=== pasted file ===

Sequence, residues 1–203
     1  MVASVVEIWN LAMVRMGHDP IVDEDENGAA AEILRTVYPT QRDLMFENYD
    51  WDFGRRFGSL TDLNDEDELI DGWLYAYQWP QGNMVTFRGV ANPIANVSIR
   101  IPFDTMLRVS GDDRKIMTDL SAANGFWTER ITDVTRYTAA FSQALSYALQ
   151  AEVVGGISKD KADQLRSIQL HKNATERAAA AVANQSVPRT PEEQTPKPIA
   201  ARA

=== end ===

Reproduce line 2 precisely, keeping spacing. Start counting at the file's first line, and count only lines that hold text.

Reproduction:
     1  MVASVVEIWN LAMVRMGHDP IVDEDENGAA AEILRTVYPT QRDLMFENYD